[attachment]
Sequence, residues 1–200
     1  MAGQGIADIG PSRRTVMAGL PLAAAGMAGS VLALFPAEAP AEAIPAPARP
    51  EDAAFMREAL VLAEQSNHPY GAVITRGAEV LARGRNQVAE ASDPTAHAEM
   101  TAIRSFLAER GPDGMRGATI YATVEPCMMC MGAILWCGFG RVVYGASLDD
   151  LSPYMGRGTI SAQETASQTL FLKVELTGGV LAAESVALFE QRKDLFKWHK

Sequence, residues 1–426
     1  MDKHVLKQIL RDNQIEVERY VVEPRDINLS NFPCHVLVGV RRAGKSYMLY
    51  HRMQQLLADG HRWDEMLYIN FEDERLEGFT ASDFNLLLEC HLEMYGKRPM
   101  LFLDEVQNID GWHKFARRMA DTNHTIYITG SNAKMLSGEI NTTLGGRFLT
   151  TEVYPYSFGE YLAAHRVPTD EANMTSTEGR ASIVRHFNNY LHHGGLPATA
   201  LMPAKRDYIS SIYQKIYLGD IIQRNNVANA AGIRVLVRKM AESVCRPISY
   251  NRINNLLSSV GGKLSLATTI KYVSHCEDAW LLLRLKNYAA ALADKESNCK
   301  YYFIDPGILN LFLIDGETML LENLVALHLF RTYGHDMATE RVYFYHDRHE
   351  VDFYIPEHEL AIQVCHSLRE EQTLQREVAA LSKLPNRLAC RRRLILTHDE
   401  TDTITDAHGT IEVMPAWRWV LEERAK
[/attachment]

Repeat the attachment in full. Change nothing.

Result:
Sequence, residues 1–200
     1  MAGQGIADIG PSRRTVMAGL PLAAAGMAGS VLALFPAEAP AEAIPAPARP
    51  EDAAFMREAL VLAEQSNHPY GAVITRGAEV LARGRNQVAE ASDPTAHAEM
   101  TAIRSFLAER GPDGMRGATI YATVEPCMMC MGAILWCGFG RVVYGASLDD
   151  LSPYMGRGTI SAQETASQTL FLKVELTGGV LAAESVALFE QRKDLFKWHK

Sequence, residues 1–426
     1  MDKHVLKQIL RDNQIEVERY VVEPRDINLS NFPCHVLVGV RRAGKSYMLY
    51  HRMQQLLADG HRWDEMLYIN FEDERLEGFT ASDFNLLLEC HLEMYGKRPM
   101  LFLDEVQNID GWHKFARRMA DTNHTIYITG SNAKMLSGEI NTTLGGRFLT
   151  TEVYPYSFGE YLAAHRVPTD EANMTSTEGR ASIVRHFNNY LHHGGLPATA
   201  LMPAKRDYIS SIYQKIYLGD IIQRNNVANA AGIRVLVRKM AESVCRPISY
   251  NRINNLLSSV GGKLSLATTI KYVSHCEDAW LLLRLKNYAA ALADKESNCK
   301  YYFIDPGILN LFLIDGETML LENLVALHLF RTYGHDMATE RVYFYHDRHE
   351  VDFYIPEHEL AIQVCHSLRE EQTLQREVAA LSKLPNRLAC RRRLILTHDE
   401  TDTITDAHGT IEVMPAWRWV LEERAK